Every now and then, I saw a lady sitting near him on a bamboo seat, chatting incessantly with him, without being too conspicuous. Initially, I thought her to be his wife, but gradually it seemed unlikely since their conversations were about problems which were different from each other.

They spoke in Hindi, the lady with a heavy Munbaia accent, indicating her possible local roots.

The man mostly talked about his debts and employment of his sons; the lady about medical issues, her rental receivables and small savings. They talked intimately, the way we share our woes with close friends in order to lessen our stress.

One day, the lady was talking to some delivery boy and mentioned her address as  Cursetji Shuklaji Street near Foras Road. The name rang a bell. Wasn't it once the street known as Safed Gulli, in Kamathipura, denoting the European and Japanese prostitutes operating out of the locality during British times?

I had not been to the dense quarters of South Central Mumbai but knew that the low-lying, marshy areas were reclaimed from the sea. William Hornby, the Governor of Bombay in the late 18th century, launched upon the ambitious project to fuse together the island of Bombay with Worli, Mazgaon and Parel. The vallard named after him plugged the great breach near Mahalaxmi and the Bellasis causeway joined Malabar with Mazgaon.

The huge sprawl emerging out of the landfills - between Byculla and Grant Road, was thickly settled, mostly by labourers (Kamathis) working in the docks in Mazgaon and later in the cotton mills in Parel. Hence the name Kamathipura, a locality which in time earned the disrepute of being the largest red light area in the world, and spawned many stories and legends and film scripts.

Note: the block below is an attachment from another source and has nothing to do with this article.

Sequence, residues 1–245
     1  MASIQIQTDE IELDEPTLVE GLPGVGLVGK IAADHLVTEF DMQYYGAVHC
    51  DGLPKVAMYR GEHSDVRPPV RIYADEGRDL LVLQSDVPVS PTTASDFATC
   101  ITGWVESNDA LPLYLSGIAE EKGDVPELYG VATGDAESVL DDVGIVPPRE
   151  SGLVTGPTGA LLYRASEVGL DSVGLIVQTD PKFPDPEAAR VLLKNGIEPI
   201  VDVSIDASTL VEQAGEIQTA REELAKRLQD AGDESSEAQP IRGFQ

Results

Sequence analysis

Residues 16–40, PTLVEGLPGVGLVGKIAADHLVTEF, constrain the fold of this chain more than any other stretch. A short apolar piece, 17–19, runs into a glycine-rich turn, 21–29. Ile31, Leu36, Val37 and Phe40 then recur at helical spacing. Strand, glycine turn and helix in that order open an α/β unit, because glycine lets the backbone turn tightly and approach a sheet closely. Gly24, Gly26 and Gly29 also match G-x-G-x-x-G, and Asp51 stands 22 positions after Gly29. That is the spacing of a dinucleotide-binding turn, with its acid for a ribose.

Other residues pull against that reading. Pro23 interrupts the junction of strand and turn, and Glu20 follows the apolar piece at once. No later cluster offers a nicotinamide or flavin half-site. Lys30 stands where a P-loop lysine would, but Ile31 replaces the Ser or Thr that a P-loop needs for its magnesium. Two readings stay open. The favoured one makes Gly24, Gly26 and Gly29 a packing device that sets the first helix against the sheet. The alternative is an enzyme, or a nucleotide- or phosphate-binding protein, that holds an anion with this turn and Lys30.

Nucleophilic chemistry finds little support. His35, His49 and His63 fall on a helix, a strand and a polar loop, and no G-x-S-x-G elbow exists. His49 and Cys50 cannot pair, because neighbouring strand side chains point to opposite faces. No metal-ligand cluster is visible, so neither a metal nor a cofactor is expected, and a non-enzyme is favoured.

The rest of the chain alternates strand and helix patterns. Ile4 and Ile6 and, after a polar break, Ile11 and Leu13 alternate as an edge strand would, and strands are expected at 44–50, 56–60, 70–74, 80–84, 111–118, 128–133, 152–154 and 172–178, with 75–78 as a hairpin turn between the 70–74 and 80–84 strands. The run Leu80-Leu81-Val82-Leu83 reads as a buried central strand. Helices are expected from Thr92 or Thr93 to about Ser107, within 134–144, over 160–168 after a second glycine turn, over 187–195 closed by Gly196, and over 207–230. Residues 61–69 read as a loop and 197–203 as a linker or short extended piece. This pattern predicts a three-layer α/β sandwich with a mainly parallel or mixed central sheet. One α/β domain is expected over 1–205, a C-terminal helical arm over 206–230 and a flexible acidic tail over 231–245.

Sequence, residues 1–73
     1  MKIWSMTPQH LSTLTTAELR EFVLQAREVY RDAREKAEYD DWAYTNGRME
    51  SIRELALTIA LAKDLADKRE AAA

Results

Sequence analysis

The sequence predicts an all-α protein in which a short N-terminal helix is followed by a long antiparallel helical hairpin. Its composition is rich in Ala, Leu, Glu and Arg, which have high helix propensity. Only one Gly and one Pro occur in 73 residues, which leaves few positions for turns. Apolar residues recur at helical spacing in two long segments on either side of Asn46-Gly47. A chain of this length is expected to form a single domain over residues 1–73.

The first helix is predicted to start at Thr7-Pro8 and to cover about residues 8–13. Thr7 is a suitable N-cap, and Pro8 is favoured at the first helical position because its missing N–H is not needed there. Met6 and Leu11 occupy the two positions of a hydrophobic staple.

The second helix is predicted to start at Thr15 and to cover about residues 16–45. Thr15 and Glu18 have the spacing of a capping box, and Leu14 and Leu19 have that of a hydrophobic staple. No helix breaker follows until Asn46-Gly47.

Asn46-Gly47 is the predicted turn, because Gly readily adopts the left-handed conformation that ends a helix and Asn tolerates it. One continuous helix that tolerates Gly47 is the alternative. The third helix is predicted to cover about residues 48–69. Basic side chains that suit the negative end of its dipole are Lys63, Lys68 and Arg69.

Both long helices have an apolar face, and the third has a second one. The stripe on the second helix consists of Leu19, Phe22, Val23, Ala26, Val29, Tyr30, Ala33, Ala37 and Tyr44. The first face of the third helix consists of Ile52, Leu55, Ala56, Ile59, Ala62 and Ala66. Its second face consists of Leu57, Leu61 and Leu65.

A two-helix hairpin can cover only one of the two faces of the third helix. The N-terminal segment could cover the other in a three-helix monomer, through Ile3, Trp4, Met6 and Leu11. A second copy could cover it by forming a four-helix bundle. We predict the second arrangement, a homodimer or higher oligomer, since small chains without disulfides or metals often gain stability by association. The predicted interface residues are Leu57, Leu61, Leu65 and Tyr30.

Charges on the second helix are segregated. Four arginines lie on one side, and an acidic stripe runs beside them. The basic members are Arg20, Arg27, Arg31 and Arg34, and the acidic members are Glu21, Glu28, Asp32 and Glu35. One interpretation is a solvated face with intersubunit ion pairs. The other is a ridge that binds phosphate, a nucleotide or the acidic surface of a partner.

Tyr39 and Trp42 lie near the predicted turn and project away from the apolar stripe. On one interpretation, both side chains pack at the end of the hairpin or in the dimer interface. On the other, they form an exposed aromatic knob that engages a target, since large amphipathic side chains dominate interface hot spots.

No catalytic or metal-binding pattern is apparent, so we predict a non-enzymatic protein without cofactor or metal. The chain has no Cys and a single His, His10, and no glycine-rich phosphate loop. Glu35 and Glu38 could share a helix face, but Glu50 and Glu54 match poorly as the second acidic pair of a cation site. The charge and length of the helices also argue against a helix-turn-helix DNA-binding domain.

Kamathipura Image Credit- Dinesh Parab

As for Foras Road, it is believed that the reclaimed, salt-batty land in the entire area from Sion, Mahim, Worli down to Grant Road was known as foras land after a special land tenure which had nominal/fixed rent. The name Foras Road is a remnant of that arrangement.

Anyways, the mention of Cursetji Street made me turn my attention to the lady - she must have been in her early forties, past her prime apparently, but careful in her upkeep and prim in manners. She was dusky, a bit plumpish as well, but what stood out in her persona was a pair of sparkling, bright eyes.

Was she a hustler? I wondered. Even if she were, she was obviously not in active service any longer, otherwise, she wouldn't be able to spend her evenings away from her workstation. Was she a paramour of the cigarette seller? It looked possible, two lonely souls finding solace in each other's company while eking out their lives in a heartless metropolis.